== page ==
A last point I would like to address is that I personally think the guidelines on colors for gender data visualization should include more than just two colors, as there are many people that cannot identify with the conventional two genders. Providing guidelines for inclusive data visualization might be key to avoid future disagreements.

I hope my answer is of use to you.

As I think this is a very relevant and ongoing topic, I want to contribute my opinion on this.
In your first question you talk about the primary goal of visualizing data. One of the main goals of a visualization of course is to present information using graphical elements which is a widely used practice in modern science. In this context of course, the motivation could be to falsify or verify a predefined hypothesis and not to achieve a change in society by abandoning stereotypes.

In my opinion though, a content creator can always think of ways to consider social problems and counteract them – especially in the scientific sector.
If stereotypes are defined by social values, they can only change if these social values get changed. (McGarty et al. - Stereotypes as Explanations)

And if we want this to happen for gender stereotypes we must start somewhere. So, to prevent the well-known effects of gender stereotypes, not using these color schemes could be a great step into the right direction and then it is also not really a matter of context.

As a follow up question I came up with another thought: What happens if we use different colors? Will they just replace pink and blue and get associated with the same stereotypes after a while?

Thank you very much for your interesting and important question.

That is a very interesting point you are making @db78. I asked myself that same question. You quote McGarty et. al. and I agree that social values must change for stereotypes to change. However, I do think stereotypes have been changing and that we associate pink with femininity but also attributes such as lack of will power or overly emotional nature is outdated. Choosing these new colors that are associated with a strong female movement, might help that they would not be associated with the same stereotypes as pink and blue are. This could be wishful thinking on my part but I think that even if our conception of those colors would change if they were to be used to represent genders, the stereotypes would be far less pronounced as society has come a long way when it comes to gender inequality.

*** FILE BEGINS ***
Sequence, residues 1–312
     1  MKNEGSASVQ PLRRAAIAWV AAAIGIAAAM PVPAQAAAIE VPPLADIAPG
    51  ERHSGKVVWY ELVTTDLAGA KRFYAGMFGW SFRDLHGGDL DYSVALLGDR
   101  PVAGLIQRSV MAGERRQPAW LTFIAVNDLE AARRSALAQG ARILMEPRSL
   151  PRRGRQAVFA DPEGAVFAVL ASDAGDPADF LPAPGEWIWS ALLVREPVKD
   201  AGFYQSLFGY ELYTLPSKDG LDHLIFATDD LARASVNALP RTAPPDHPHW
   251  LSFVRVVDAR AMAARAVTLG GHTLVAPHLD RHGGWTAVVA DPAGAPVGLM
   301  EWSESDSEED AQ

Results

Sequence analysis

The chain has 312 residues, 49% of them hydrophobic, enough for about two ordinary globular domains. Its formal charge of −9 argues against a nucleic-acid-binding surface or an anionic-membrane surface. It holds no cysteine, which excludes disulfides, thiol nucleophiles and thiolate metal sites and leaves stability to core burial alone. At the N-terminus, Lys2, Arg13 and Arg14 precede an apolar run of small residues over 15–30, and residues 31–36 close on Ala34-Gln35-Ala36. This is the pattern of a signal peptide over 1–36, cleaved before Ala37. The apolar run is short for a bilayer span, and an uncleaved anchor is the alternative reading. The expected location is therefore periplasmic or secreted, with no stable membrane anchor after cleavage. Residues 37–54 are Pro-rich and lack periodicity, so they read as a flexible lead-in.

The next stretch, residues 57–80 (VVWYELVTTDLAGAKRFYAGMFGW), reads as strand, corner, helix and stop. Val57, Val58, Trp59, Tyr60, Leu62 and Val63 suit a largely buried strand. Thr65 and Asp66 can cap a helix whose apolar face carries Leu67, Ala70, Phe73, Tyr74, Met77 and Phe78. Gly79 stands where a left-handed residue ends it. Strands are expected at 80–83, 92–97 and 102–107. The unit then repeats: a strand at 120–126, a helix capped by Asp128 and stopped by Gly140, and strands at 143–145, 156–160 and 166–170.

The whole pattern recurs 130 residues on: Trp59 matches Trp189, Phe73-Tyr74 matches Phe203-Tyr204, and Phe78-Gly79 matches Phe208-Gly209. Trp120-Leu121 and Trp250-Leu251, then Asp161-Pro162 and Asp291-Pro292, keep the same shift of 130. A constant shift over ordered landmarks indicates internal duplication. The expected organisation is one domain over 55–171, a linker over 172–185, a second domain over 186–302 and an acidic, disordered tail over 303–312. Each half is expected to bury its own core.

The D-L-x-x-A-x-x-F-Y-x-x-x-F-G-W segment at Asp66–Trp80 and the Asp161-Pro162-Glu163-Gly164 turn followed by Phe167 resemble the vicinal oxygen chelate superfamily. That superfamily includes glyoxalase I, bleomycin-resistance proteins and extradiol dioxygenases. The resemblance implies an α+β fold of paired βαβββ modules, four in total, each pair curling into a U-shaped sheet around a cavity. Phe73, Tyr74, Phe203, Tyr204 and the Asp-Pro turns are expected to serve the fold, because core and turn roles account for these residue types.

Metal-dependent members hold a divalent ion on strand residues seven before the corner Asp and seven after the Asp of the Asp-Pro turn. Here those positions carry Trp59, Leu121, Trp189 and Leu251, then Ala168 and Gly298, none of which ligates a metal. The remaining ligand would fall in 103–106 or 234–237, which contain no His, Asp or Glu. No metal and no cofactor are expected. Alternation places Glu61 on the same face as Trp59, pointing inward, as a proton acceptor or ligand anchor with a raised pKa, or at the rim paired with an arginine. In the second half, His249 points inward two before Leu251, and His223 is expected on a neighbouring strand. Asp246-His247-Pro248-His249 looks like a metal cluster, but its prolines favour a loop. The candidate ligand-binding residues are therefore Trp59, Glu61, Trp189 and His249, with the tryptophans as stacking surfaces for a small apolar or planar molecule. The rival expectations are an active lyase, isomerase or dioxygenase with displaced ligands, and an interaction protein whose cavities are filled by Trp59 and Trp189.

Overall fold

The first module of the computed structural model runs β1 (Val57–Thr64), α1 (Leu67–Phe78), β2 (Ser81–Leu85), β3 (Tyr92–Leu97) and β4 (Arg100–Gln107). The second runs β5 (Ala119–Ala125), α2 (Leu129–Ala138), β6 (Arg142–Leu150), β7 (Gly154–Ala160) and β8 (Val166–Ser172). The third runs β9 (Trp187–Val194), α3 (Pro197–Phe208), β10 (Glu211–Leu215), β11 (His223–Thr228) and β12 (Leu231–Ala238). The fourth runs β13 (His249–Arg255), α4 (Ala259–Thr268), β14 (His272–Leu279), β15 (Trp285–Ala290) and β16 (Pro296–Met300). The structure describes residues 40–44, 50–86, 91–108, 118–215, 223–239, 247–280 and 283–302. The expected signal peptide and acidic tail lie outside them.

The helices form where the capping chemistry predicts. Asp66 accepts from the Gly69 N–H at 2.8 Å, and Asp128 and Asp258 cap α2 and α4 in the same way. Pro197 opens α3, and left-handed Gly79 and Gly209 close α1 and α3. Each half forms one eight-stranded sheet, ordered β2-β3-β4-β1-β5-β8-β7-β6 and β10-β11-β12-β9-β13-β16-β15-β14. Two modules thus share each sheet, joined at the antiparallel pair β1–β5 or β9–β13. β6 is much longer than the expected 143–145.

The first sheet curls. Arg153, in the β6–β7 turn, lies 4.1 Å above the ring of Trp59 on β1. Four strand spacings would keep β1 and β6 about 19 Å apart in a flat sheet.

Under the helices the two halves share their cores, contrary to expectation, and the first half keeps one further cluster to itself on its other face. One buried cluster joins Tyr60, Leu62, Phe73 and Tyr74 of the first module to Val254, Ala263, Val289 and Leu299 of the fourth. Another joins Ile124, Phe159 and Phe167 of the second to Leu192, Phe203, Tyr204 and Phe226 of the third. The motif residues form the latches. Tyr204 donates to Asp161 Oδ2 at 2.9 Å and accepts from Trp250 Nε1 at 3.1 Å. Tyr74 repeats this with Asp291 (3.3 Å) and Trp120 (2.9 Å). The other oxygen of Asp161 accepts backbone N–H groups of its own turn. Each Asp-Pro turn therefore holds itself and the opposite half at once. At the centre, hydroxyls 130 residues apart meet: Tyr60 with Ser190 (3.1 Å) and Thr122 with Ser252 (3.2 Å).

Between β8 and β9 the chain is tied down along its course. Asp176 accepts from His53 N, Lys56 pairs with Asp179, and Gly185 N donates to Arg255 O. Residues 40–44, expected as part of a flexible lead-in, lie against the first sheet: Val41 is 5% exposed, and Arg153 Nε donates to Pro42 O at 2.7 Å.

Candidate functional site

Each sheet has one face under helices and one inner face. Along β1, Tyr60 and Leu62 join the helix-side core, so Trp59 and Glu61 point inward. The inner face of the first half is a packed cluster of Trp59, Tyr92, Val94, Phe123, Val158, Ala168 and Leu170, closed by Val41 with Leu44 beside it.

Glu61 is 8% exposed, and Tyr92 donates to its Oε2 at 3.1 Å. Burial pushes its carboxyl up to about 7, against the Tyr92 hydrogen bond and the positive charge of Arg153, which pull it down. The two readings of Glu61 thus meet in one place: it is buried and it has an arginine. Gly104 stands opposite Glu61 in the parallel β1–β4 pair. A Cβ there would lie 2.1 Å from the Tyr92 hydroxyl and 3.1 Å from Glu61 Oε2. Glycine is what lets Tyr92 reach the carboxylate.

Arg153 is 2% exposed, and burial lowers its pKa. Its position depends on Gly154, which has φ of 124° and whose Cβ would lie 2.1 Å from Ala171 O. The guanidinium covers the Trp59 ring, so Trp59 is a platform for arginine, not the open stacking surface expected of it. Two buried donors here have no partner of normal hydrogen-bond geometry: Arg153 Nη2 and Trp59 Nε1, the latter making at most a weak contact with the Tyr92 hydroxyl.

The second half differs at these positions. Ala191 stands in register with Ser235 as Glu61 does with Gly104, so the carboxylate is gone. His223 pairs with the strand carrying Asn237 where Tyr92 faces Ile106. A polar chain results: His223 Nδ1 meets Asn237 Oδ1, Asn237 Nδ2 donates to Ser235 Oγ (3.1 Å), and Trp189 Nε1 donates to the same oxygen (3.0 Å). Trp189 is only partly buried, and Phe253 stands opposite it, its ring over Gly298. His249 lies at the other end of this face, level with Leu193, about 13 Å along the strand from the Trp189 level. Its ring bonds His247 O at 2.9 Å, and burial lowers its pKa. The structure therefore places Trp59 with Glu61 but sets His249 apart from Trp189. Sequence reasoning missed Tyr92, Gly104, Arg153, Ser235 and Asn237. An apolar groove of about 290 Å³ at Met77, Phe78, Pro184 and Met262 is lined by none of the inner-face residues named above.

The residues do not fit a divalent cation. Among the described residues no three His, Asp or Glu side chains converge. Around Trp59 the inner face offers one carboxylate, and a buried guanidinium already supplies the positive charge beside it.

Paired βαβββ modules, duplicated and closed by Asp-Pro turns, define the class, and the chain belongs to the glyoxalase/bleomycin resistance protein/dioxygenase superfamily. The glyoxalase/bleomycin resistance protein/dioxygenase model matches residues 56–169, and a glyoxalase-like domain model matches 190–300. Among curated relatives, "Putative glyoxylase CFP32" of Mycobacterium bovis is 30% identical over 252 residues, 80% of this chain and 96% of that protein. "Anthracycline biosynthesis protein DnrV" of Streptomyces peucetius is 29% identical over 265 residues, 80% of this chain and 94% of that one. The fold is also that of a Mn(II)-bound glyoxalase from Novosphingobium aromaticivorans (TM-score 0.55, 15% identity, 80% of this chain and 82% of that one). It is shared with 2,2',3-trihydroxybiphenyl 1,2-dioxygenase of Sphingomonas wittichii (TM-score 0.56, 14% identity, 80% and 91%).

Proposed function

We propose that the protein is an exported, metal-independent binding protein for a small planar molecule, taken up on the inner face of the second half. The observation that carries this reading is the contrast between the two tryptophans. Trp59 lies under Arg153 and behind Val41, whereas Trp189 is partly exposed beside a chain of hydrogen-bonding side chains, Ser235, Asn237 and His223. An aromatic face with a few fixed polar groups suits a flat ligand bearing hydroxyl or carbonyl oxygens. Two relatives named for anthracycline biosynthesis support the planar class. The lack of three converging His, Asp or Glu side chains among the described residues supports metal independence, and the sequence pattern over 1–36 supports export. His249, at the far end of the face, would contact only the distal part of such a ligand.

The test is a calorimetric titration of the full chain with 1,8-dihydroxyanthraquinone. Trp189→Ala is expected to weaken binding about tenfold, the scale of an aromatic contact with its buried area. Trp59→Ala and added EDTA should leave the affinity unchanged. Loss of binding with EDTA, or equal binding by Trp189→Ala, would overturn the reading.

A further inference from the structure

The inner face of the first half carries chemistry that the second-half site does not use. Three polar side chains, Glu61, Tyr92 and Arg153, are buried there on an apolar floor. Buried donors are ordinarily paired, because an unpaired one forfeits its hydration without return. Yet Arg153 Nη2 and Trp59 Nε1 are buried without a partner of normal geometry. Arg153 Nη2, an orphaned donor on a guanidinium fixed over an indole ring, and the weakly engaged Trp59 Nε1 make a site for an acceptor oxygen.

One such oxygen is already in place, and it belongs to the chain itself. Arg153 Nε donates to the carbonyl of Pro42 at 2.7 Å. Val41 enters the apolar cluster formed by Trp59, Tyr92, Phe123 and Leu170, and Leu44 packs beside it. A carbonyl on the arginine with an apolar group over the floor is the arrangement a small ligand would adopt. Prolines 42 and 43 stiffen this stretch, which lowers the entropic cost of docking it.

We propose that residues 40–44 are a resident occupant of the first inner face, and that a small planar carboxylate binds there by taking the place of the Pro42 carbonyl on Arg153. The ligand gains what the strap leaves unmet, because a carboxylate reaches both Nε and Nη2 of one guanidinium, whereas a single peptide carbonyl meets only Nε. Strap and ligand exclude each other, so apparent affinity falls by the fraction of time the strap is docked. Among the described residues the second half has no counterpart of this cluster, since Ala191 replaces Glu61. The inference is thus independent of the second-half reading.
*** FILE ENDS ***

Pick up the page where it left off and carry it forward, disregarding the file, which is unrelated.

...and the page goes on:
Your question can be viewed in several ways, depending on the context. Of course, the main purpose of data visualization is to make it easy and understandable for the reader - if that were not the case, we could just provide raw data. To answer your question specifically - it depends on the situation and what you would like to show. In your example about the Disney actors men are clearly opposed to women and, although the use of “traditional” gender colors may not always be perceived correctly, but in this situation it is primarily about drawing attention to gender issues and in this context, I personally would consider the use of contrasting colors - but which ones, it depends on the situation. As an example when gender colors do not matter, any infographics that do not focus on gender, such as any data on the voting in certain countries, where the population groups are indicated - they focus on the contrasting things - usually, parties and men/women are simply 2 separate graphics without separation by color, because it is not important, not necessary and does not carry any semantic load.
To summarize, I would say that with any use of color in data visualization you have to be extremely careful and cautious, and this is the reason why men and women are often (but not always) represented by the traditional blue and red colors - because in the context of this question you need to highlight the difference as much as possible and to make it easy to pay attention to and understand the context of the question.